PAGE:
- An Estimate of the Burden of Fungal Disease in Norway. [Journal Article]
- JFJ Fungi (Basel) 2018 Feb 21; 4(1)
- The aim of this study was to examine the burden of fungal disease in Norway, contributing to a worldwide effort to improve awareness of the needs for better diagnosis and treatment of such infections...
The aim of this study was to examine the burden of fungal disease in Norway, contributing to a worldwide effort to improve awareness of the needs for better diagnosis and treatment of such infections. We used national registers and actual data from the Departments of Microbiology from 2015 and estimated the incidence and/or prevalence of superficial, allergic and invasive fungal disease using published reports on specific populations at risk. One in 6 Norwegians suffered from fungal disease: Superficial skin infections (14.3%: 745,600) and recurrent vulvovaginal candidiasis in fertile women (6%: 43,123) were estimated to be the most frequent infections. Allergic fungal lung disease was estimated in 17,755 patients (341/100,000). Pneumocystis jirovecii was diagnosed in 262 patients (5/100,000), invasive candidiasis in 400 patients (7.7/100,000), invasive aspergillosis in 278 patients (5.3/100,000) and mucormycosis in 7 patients (0.1/100,000). Particular fungal infections from certain geographic areas were not observed. Overall, 1.79% of the population was estimated to be affected by serious fungal infections in Norway in 2015. Even though estimates for invasive infections are small, the gravity of such infections combined with expected demographic changes in the future emphasizes the need for better epidemiological data.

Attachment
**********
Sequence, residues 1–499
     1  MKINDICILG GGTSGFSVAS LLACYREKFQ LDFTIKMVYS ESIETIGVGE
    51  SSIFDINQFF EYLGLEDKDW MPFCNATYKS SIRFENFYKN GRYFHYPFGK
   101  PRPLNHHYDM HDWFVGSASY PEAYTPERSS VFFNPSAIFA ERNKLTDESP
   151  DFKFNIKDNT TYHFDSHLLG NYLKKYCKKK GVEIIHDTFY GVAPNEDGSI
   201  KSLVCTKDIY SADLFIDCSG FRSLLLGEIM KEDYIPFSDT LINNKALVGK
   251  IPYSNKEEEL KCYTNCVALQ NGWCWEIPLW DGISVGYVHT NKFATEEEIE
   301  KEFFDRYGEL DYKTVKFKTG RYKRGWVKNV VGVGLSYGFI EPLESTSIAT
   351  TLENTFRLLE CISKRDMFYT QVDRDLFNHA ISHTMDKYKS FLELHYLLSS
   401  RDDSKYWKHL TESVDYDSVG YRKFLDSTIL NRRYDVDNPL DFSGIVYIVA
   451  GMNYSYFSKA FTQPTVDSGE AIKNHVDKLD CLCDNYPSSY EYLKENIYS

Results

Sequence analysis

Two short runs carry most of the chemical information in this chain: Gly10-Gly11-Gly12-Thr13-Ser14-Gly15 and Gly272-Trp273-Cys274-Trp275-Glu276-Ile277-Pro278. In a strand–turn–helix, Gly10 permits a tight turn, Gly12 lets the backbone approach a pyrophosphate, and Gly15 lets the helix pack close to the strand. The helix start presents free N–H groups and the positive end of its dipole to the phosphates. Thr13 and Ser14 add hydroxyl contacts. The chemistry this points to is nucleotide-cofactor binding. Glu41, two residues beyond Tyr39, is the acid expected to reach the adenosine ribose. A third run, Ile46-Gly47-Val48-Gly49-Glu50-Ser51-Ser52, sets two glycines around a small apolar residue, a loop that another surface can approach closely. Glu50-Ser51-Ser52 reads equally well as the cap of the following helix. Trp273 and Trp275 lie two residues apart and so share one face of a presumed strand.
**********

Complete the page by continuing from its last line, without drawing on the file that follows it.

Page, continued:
- Correlation of aspergillus skin hypersensitivity with the duration and severity of asthma. [Journal Article]
- MAMonaldi Arch Chest Dis 2017 Sep 25; 87(3):826
- Asthma is a significant health problem worldwide and Allergic Bronchopulmonary aspergillosis (ABPA) complicates the course of 1-2% of patients of asthma. Aspergillus skin hypersensitivity (AH) is the...
Asthma is a significant health problem worldwide and Allergic Bronchopulmonary aspergillosis (ABPA) complicates the course of 1-2% of patients of asthma. Aspergillus skin hypersensitivity (AH) is the first step for diagnosis of ABPA. This study was conducted to know the correlation of AH with severity and duration of asthma. Patients, age >15 years, of asthma attending this hospital from January 2015 to December 2015 were included. Asthma was diagnosed clinically and confirmed with spirometry. Of 282 patients 206 patients were AH positive. The AST-positivity in patients having severe asthma (96.8%) was higher than that in patients having mild (36.8%) and moderate asthma (80.4%). The median (IQR) duration of asthma of AH positive patients was 5.0 yrs. This study emphasized the need of ABPA screening by intradermal skin test especially in patients having severe asthma and/or those having asthma for longer duration in order for early diagnosis of ABPA.
- Can Controlling Endoplasmic Reticulum Dysfunction Treat Allergic Inflammation in Severe Asthma With Fungal Sensitization? [Review]
- AAAllergy Asthma Immunol Res 2018; 10(2):106-120
- Severe asthma is a heterogeneous disease entity to which diverse cellular components and pathogenetic mechanisms contribute. Current asthma therapies, including new biologic agents, are mainly target...